"AFTER THE STORM" — 3 stars — Hiroshi Abe, Yoko Maki, Satomi Kobayashi, Sosuke Ikematsu; not rated (probable PG for scattered profanity and some sexual references); Broadway
"After the Storm" is a sad but insightful story about a father trying to reconcile his mistakes.
Shinoda Ryôta (Hiroshi Abe) is a middle-aged Japanese man who never quite grew up. For a time, he was a successful novelist, was married and had a son, but various vices and emotional shortcomings gradually untied his life's various threads. When we meet him, he is bleary-eyed and lanky, trying to reconnect with his ex-wife and estranged son.
Ryôta is working as a private detective, traveling around town with his partner Machida (Sosuke Ikematsu), examining the seedy underbelly of the local unfaithful. He initially took the job as a part-time gig to research his latest book, but as Ryôta's life unwound, the side job became his only means of income.
Coincidentally, his new job skills enable him to track his ex-wife, Kyôko (Yôko Maki), who appears to be in a new relationship. When Ryôta sees that her new beau has bought his son, Shingo (Taiyô Yoshizawa), a new baseball glove, the already-agitated father becomes desperate.
The one anchor in Ryôta's life is his mother, Yoshiko (Kirin Kiki), who has lived alone in a run-down apartment since his father died. She's fairly happy, alternating time with her family — including Ryôta's sister Chinatsu (Satomi Kobayashi) and her children — with a classical music appreciation group run by an elderly music professor who lives nearby.
To say "After the Storm" is character-driven feels like a dramatic understatement. Aside from an incoming typhoon that represents the literal interpretation of the film's title, director Hirokazu Koreeda's film is a quiet, contemplative work, almost documentary in style, that simply follows Ryôta around as he tries to reconnect with his estranged family.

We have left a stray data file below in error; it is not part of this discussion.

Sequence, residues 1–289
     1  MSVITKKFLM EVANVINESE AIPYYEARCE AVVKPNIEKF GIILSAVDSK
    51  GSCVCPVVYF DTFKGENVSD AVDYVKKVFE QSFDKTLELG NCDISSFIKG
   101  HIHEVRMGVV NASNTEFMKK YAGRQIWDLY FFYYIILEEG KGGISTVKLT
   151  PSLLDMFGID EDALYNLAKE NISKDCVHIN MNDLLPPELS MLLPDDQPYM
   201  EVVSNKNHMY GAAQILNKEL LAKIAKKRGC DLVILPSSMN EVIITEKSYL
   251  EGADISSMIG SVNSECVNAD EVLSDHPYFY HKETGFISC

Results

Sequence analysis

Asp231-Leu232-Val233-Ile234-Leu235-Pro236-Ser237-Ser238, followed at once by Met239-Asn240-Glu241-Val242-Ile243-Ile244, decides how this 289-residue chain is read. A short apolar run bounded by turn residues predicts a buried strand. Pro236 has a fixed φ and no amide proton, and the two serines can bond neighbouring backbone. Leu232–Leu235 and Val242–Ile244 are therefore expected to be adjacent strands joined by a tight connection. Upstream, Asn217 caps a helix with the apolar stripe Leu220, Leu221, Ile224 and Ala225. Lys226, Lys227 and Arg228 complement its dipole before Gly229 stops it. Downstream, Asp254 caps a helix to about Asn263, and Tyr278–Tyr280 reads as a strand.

Ryôta is allowed to see his son once a month, though Kyôko threatens to end those meetings since her ex-husband never manages to bring his alimony payments to the exchanges. We watch Ryôta and Shingo spend a day together, buying baseball cleats and indulging in some of Dad's vices, like buying lottery tickets. Ryôta insists that buying lottery tickets isn't the same as gambling, but both exercises take their toll on the author/detective's meager earnings.
Abe plays Ryôta as a character who is both sympathetic and sad, the kind of protagonist you cheer for but understand when he falls short. Even as a detective, his ethics are questionable, as we see him confront a woman he'd been hired to investigate with the evidence he's gathered against her, then offer to destroy the evidence if she can offer him a better deal.
Later in the film, his mother manages to get Ryôta, Kyôko and Shingo to stay with her at her apartment when the storm finally arrives, secretly hoping to reunite their shattered family unit. Ryôta's mother may be the last person who truly believes in him, and their relationship is just one of many explorations of the family dynamic through Koreeda's film.
"After the Storm" is a quiet meditation, but it does include some lighter moments to keep things from getting too dreary (Kiki's performance is especially enjoyable), and it's sweet to see Ryôta take his son around his old neighborhood, excitedly pointing out the different places where he had adventures as a child. Koreeda's film isn't so much a cautionary tale as it is an examination of a man's reconciliation with his failures, and his resolve to make the best of his life in spite of them.
"After the Storm" is not rated, but might earn a PG for scattered profanity and some sexual references; it is presented in Japanese, with English subtitles; running time: 117 minutes.